And it was a major deal, Hollywood are owned by Disney.
Freddie was, now, not well
and I was deeply concerned
that we had to go out and tell our record company in America
that Freddie was, effectively, dying.
There's only two bastions of the old British empire left.
One is the Queen Mary, which you're having this party on,
and the other one is us which you have just delightfully bought.
So we're thrilled to be with you and look forward to a great and sparkling future
under the Disneyland, or should I say, Hollywood sign.
-Good luck, Hollywood. -Okay.
-Bye. -Bye.
Maybe once more?
Oh, shit. All that crap again?
Mack and I were invited to a Queen party on the Queen Mary here.
We went down and, I believe, Brian was there with Roger.
Usually, Queen was always there together.
I called John up to see what was going on.
I said, "Is something wrong with Freddie?" And he wouldn't tell me.
Look in the camera.
I flew out to Los Angeles to meet with Michael Eisner, the head of Disney,
to explain that Freddie was now seriously ill.
And it was whilst I was out there, that I got a call
that it looked as though Freddie was reaching his last days,
and it was now getting very serious.
So the press release that Freddie and I had agreed
to be released at the last possible moment, was put out.
And, in fact, Freddie died 24 hours later.
So we got this press release out, announcing to the world
something that many people had suspected,
that he had AIDS,
just in the nick of time.
I think the press had their final bit of vitriol against Freddie at that time.
Which is amazing, that we had some nasty reports saying...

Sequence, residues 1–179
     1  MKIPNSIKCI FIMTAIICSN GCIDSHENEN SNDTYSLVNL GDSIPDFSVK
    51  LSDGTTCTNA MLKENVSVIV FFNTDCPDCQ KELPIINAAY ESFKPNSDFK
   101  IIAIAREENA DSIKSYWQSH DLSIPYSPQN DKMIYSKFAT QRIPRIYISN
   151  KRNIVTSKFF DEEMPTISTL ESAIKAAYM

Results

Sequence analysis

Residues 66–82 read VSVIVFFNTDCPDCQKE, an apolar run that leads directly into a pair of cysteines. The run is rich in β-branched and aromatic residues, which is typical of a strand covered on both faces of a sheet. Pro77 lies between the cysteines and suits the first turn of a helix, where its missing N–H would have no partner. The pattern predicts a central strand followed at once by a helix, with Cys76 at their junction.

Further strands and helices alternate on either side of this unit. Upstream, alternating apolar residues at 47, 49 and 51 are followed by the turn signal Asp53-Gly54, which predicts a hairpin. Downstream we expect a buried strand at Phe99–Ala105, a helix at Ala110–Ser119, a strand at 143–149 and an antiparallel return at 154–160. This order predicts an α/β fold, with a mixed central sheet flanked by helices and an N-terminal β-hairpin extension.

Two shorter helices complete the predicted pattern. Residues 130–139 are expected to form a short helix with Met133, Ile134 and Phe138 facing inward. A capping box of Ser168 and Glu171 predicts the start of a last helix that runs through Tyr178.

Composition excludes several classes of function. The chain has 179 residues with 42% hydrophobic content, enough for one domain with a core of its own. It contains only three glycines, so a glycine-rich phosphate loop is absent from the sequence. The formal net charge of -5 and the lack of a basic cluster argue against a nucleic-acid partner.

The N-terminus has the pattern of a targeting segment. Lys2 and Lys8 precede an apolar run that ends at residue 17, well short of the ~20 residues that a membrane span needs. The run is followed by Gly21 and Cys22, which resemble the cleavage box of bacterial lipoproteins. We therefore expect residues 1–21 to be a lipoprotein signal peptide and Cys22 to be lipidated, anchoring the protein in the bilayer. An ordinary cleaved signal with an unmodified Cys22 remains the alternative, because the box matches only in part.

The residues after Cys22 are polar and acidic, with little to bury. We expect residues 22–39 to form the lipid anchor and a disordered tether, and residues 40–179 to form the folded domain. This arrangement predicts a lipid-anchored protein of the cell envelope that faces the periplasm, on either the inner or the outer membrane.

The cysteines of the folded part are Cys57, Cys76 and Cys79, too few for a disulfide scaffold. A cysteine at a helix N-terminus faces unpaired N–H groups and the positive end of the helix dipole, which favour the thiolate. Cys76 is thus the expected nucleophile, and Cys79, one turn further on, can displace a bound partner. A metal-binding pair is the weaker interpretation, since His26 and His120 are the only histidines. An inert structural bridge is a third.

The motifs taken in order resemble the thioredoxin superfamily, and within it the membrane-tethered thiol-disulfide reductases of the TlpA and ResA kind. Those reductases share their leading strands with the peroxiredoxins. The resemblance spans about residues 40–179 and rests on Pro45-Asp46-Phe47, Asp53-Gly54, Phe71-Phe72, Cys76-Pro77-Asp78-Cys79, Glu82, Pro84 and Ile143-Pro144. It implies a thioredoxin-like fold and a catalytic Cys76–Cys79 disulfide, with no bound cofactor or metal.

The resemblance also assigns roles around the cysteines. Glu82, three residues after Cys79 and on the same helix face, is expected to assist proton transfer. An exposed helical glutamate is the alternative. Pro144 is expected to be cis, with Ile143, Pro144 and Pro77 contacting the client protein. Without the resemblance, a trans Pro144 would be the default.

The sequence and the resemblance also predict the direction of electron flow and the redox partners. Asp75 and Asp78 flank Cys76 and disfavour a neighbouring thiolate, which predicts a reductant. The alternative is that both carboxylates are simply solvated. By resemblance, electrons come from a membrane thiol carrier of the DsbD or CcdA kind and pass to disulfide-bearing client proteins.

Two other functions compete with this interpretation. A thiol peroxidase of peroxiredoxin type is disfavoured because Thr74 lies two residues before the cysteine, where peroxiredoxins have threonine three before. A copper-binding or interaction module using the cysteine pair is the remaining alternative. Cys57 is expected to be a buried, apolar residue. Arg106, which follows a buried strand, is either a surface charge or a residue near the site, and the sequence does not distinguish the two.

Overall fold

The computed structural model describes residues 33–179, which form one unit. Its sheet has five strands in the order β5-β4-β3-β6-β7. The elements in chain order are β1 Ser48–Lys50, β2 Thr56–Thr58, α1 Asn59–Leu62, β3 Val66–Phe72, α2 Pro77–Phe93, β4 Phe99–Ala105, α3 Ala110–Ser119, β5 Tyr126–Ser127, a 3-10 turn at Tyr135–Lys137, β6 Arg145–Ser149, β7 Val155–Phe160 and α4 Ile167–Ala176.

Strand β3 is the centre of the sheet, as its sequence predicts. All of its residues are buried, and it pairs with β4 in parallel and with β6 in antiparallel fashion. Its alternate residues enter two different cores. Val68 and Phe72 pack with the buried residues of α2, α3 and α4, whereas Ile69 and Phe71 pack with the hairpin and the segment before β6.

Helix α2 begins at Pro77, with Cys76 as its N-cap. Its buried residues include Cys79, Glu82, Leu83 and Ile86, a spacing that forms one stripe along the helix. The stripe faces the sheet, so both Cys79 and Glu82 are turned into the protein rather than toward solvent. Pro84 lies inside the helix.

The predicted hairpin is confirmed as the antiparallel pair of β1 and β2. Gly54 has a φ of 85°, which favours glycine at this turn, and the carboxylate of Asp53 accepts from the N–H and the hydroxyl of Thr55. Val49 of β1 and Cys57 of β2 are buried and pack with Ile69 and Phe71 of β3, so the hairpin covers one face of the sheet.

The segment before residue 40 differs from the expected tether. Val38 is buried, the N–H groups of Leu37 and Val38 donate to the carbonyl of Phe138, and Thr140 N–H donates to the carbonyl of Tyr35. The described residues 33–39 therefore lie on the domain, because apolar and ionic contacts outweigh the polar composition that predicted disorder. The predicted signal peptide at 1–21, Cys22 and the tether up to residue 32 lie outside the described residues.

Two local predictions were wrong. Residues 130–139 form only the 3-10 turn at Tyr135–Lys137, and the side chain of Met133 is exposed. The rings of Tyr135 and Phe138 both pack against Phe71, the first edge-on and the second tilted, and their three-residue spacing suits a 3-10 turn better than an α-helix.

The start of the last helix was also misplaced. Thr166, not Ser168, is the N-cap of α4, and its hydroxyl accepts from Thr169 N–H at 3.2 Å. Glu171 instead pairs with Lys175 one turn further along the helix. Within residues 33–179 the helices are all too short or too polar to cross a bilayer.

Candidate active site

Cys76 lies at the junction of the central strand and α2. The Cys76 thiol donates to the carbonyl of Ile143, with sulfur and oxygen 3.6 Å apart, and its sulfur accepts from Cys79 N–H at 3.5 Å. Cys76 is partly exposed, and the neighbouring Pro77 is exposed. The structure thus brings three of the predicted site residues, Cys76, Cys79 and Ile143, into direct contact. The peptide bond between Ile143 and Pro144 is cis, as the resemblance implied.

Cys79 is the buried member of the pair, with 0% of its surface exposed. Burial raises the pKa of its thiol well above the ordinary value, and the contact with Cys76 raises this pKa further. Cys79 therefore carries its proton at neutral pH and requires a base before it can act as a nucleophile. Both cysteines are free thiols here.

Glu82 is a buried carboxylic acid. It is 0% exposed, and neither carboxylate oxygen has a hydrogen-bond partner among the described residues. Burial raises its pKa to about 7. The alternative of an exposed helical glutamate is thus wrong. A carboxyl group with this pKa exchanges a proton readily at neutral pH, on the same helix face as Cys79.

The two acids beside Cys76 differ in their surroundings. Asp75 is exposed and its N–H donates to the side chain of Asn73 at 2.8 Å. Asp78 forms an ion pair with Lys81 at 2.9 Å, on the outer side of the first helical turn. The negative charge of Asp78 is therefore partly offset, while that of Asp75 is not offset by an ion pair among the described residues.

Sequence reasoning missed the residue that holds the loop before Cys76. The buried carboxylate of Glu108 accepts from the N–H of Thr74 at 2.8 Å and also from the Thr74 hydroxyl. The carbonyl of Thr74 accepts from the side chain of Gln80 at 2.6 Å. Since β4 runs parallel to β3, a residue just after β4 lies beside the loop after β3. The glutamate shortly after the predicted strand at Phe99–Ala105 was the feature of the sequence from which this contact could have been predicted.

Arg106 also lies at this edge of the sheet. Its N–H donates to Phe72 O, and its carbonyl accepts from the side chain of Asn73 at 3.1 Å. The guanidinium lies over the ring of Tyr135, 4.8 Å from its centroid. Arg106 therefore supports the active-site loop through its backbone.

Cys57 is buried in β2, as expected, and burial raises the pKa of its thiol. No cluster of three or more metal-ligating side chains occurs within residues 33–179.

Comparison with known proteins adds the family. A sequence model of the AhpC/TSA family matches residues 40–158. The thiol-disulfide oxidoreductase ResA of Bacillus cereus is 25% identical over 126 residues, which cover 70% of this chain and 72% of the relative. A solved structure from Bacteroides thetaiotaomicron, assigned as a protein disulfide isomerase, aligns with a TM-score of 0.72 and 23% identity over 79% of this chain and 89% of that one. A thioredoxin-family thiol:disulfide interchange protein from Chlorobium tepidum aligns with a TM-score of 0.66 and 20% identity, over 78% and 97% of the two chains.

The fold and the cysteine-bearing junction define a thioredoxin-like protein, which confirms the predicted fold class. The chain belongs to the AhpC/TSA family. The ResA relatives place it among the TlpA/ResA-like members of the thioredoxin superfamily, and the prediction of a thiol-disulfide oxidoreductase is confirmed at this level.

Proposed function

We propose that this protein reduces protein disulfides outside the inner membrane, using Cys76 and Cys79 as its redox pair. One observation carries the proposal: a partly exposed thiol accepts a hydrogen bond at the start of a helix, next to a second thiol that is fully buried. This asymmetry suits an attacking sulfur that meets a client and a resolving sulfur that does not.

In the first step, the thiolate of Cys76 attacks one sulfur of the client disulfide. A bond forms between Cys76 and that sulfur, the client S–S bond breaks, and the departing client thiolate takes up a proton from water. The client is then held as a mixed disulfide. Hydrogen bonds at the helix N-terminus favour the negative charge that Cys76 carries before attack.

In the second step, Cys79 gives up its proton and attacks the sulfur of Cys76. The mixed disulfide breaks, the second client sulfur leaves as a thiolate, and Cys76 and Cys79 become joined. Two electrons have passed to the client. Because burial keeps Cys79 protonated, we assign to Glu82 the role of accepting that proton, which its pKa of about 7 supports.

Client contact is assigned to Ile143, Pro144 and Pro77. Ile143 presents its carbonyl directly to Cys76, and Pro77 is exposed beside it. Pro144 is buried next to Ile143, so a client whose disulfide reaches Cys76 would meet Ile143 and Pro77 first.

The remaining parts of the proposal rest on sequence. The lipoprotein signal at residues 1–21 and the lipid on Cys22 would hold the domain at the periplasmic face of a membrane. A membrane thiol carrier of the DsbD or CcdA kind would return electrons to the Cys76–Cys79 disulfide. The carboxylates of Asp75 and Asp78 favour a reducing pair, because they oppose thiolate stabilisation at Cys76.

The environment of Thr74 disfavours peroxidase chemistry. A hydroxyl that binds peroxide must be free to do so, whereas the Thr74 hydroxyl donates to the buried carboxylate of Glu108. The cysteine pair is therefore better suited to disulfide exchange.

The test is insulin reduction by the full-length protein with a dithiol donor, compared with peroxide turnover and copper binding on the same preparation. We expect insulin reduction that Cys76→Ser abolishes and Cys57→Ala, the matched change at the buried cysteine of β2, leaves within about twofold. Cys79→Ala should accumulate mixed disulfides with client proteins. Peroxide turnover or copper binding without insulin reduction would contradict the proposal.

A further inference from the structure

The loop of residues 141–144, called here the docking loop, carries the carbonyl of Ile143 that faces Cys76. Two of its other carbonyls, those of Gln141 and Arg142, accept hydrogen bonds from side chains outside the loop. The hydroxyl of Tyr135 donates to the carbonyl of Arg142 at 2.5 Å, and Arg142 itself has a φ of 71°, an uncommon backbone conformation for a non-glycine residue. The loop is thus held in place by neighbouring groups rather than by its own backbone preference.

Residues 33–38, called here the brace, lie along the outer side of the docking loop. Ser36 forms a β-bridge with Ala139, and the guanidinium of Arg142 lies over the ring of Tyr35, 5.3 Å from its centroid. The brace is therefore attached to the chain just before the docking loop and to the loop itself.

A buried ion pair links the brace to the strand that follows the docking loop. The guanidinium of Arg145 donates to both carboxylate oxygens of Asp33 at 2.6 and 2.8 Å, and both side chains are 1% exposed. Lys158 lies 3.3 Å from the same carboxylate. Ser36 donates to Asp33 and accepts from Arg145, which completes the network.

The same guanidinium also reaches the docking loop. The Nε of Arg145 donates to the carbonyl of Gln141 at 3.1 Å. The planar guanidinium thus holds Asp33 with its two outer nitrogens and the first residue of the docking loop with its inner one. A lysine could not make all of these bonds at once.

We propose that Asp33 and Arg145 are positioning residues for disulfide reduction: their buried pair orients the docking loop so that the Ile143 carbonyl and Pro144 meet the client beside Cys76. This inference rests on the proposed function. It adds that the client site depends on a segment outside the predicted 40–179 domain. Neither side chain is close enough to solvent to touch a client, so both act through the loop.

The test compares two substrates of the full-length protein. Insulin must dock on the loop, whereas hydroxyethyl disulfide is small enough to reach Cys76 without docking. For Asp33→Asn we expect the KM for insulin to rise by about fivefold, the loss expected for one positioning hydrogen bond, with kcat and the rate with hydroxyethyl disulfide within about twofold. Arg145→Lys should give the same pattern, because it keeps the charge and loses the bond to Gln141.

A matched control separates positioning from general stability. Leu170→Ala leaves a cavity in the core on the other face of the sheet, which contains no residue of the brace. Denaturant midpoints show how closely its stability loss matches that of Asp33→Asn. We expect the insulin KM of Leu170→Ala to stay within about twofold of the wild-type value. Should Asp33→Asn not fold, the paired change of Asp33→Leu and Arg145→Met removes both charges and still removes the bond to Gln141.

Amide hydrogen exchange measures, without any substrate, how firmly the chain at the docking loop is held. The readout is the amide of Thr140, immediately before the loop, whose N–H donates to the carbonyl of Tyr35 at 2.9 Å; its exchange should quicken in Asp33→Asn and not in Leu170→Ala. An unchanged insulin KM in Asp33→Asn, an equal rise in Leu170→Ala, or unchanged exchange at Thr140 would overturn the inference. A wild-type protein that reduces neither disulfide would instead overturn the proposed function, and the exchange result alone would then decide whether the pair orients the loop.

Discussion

Some of them even saying that he deserved to die
because he had a promiscuous lifestyle.
Quite unbelievable things that people wrote.
So Roger and I went on television to set the record straight.
Last week saw the death of one of the most flamboyant and popular
figures in rock music, Freddie Mercury, lead singer with Queen.
Joining us in the studio now to pay tribute and maybe to reflect on Freddie's memory
for the first time, are two of the band members,
guitarist Brian May and drummer Roger Taylor.
And we do appreciate you coming.
Everybody's become instant experts on the life and past of Freddie Mercury,
be they in the papers or be they on television.
Where did they go wrong and where did they go right in their assessments?
You first.
It's been quite distressing to read some of the reports in the press.
Yes, it would be wrong of us not to say that he has been depicted in certain quarters
as a sort of decadent, wild, bisexual, irresponsible lover.
Certainly, the Freddie we knew wasn't wildly promiscuous, he wasn't consumed by drugs,
any of these things people are saying.
He had a very responsible attitude to everyone he was close to,
and he was a very generous and caring person
to all the people that came through his life.
And more than that, you can't ask, really.
I'll tell you, we do feel absolutely bound to stick up for him
because he can't stick up for himself any more. So, you know.
I think you can't defend anybody
in the context of having Paul Daniels sitting next to you.
Were you a fan of Queen and of Freddie Mercury?
Well, no, because I wasn't a fan of any music.
I just put my head down, I should imagine like you did into music,
I put my head down into magic.
What a dick!
And can I equally say that I'm not giving any of the royal family magic lessons,
which I read in the paper this week. Thank you.
This award is slightly different. It's not voted for by the grandees of the BPI,
but actually by the 1 7 million listeners to national Radio 1 FM.
Now, there were three Queen singles in the final 1 0 titles
and the winner is by Queen, These Are the Days of Our Lives.
Thank you. A great mixture of emotions goes through your head at moments like this.
This is a very special moment, I guess.
Awards are very strange things. People have different attitudes.
If Freddie was here, he'd probably say, "You go and pick it up, darling.